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Opening Question

Should we rejoice when a criminal is brought to justice?

Introduction

Revelation 17-18 show the fall of Babylon, the arch-type enemy of God. Beginning with the tower in Genesis 11, that region and that attitude have symbolized opposition to God throughout the Old Testament. Babylon becomes the nation that harasses Israel, steals the vessels from their temple, ravishes their city, and takes them exile. Babylon is also the tool that God uses to punish His people. But God has people in Babylon—sometimes even the King of the pagan city himself!—and so the message is given to “come out of Babylon” before it falls, because fall it will.

The Text:

Revelation 17:1-18

Without question, this is a difficult passage, and the angel’s explanation doesn’t seem to give a lot more help initially. Stefanovic provides a helpful perspective, but a point worth considering here is that John is taken in vision into a wilderness, and he sees a woman. We saw the woman who birthed the Messiah (the church, then) in ch. 12 flee to a wilderness, and she has children. But now the woman in the wilderness isn’t dressed with sun and moon and stars. Now she looks like royalty and acts like a prostitute. She has children—daughters—who are also prostitutes. The language parallels that of Israel when she went astray in the Old Testament and God called her a prostitute. Certainly this imagery must be included in the identity of Babylon the Great. The fallen and apostate religious aspect is central to her reign of terror and drinking the blood of the saints.

Stefanovic likewise is helpful in explaining the end-time alliance between Babylon and the Beast. The sexual language is hard to miss here, but the point is the affair is both an abomination and brings bad results for God’s people.

In the end, the woman is hated (think Absalom and his sister Tamar), and the kings of the earth turn on her. In Ellen White’s description of this scene in the Great Controversy, the deceived masses turn on their religious leaders after they realize their error. It is a chilling reminder of how serious it is to think for ourselves, to study the Word of God personally, and not to take someone else’s theories as gospel without prayerful examination.

Do you see a joining of religious thought with secular power today? Without resorting to conspiracy theories, do you see how it might happen in our day, or might there be obstacles in the way of this kind of alliance that would mirror the Dark Age church-state power?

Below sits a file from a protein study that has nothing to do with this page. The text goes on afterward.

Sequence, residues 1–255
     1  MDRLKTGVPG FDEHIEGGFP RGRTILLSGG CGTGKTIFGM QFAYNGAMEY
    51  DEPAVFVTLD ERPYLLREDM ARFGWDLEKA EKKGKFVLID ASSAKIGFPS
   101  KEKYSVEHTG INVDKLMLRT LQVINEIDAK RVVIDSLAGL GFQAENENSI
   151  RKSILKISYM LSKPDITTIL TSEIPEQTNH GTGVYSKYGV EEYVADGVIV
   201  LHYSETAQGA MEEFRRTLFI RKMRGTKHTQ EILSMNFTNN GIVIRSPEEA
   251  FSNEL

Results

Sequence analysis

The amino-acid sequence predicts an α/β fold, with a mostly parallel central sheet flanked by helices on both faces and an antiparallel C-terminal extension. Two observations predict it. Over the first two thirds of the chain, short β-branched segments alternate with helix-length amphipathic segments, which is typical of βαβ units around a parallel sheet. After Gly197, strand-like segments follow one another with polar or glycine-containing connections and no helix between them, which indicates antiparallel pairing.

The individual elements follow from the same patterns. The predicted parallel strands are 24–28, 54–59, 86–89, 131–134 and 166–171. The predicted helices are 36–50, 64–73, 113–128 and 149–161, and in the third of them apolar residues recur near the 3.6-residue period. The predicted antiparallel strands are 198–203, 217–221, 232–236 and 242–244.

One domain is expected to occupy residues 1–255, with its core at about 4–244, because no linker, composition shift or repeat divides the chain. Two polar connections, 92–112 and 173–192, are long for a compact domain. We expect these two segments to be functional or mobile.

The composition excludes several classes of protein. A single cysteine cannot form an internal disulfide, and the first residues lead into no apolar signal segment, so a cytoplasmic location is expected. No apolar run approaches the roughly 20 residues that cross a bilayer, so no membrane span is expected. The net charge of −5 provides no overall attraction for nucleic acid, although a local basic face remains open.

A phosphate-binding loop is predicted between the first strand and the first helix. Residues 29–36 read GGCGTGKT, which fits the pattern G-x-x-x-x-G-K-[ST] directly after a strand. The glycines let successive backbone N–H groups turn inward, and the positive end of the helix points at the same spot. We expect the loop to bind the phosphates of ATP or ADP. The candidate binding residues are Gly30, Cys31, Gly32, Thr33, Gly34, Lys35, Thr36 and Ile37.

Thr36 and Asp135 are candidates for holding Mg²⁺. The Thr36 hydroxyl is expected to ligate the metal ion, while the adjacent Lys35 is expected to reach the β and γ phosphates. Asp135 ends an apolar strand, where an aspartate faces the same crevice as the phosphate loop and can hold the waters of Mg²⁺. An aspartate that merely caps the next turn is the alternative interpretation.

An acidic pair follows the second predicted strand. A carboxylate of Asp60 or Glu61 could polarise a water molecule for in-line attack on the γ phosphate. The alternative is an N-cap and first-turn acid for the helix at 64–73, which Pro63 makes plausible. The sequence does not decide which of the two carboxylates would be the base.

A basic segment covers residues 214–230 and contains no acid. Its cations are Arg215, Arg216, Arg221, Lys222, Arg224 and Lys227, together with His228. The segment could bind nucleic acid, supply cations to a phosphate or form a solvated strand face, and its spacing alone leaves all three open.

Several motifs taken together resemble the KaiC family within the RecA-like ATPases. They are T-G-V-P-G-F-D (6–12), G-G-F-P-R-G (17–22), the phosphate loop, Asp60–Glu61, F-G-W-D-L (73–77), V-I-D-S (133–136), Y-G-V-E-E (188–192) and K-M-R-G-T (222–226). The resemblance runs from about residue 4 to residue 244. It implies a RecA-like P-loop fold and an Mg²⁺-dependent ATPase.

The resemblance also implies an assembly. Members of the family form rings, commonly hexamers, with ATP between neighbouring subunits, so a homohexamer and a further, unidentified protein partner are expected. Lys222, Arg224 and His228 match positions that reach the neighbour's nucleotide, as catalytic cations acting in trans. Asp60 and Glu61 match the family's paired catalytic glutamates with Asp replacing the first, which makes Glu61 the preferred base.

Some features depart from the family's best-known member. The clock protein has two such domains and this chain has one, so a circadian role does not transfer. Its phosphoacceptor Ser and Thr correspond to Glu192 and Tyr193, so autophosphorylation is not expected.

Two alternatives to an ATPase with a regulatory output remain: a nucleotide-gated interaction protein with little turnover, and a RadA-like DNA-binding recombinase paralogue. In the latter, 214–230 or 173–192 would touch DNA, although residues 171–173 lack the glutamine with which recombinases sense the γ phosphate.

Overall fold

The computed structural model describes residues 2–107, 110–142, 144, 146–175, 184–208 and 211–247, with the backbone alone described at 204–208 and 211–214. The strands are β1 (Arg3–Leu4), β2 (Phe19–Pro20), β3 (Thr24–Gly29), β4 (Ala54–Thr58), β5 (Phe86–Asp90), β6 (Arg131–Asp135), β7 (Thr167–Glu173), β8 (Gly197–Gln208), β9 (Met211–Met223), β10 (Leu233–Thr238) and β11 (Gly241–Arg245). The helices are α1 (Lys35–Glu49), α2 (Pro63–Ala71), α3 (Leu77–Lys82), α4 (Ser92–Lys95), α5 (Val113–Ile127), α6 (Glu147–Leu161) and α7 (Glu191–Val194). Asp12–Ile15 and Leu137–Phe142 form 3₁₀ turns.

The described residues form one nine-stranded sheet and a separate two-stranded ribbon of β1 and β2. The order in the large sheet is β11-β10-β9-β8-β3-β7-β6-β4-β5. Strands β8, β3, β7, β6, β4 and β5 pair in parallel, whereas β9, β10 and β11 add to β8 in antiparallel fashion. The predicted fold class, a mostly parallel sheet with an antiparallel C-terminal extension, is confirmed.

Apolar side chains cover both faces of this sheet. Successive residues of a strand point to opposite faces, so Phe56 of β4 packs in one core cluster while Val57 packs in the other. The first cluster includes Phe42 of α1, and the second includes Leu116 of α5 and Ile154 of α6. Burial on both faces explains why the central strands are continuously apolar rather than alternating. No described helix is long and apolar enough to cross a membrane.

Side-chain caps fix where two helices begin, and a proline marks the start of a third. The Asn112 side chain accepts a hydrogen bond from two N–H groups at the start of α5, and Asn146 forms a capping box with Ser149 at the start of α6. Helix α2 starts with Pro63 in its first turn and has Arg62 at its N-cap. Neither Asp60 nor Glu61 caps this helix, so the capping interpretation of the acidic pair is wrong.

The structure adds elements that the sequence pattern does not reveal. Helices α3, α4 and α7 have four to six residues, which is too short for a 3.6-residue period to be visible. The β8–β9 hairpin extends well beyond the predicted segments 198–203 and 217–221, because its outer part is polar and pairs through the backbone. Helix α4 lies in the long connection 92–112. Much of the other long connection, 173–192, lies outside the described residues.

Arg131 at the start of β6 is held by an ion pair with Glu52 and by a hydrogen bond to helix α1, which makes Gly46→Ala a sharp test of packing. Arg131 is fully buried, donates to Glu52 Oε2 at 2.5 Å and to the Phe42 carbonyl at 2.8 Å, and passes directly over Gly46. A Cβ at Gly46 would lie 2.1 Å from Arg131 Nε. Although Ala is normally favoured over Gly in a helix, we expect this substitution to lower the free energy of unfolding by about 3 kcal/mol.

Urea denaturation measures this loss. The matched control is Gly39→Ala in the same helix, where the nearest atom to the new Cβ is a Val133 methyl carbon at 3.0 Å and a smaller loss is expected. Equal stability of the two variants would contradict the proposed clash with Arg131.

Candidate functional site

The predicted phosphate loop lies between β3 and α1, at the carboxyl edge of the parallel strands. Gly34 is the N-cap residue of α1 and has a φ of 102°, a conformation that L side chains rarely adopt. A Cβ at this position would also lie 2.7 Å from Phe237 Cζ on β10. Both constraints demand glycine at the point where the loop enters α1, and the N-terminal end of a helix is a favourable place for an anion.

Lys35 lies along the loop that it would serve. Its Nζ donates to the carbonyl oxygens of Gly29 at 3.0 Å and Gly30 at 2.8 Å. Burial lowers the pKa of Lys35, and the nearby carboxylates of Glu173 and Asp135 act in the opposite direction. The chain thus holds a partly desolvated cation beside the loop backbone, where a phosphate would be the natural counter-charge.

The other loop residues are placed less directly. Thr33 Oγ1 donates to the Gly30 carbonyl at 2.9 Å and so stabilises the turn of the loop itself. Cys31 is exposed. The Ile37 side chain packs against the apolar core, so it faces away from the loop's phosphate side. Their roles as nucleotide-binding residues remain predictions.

Revelation 18:1-24

The final scenes of Babylon’s fall in Revelation seem to be an amalgamation of prophecies from Isaiah (see ch. 47), Jeremiah (chs. 50-52), and Ezekiel, not just about Babylon, but also of Egypt and Tyre. Each of the major prophets groaned over these wicked cities’ roles in Israel’s distress, and each spoke about the cities’ fall.

Revelation looks at the fall of Babylon from two perspectives: first, that of the Kings of the Earth who grew rich from their relationship with her. Their response is one of loss, grief, and lament. The second perspective is that of the righteous and heaven in verse 20-24; it is the sound of rejoicing because all that Babylon has stood for—the nation that harassed and leveled Israel, Jerusalem that slaughtered prophets and crucified Jesus, Rome that murdered the apostles, the Papacy that massacred saints and reformers, and an end-time confederacy that will do the same—this Babylon is finally destroyed once and for all.

Is it appropriate to rejoice over Babylon’s fall? If Babylon isn’t a literal city, but is a system of opposition to God that has killed His people, does it better explain the rejoicing here, and at the beginning of ch. 19?

Closing Comments

The fall of Babylon is the final opposition to God’s people’s deliverance. The people of earth recognize her as the charlatan that she is, masquerading as Christ Himself. Her deceptions are unmasked. Those who have followed her will recognize in the true Messiah the rightful King, even though they refused to receive a love of the truth (2 Thess. 2) when they had the opportunity. This event is both sad and joyous. The closing scenes of the great controversy are playing out, and Christ is about to come and get His people.

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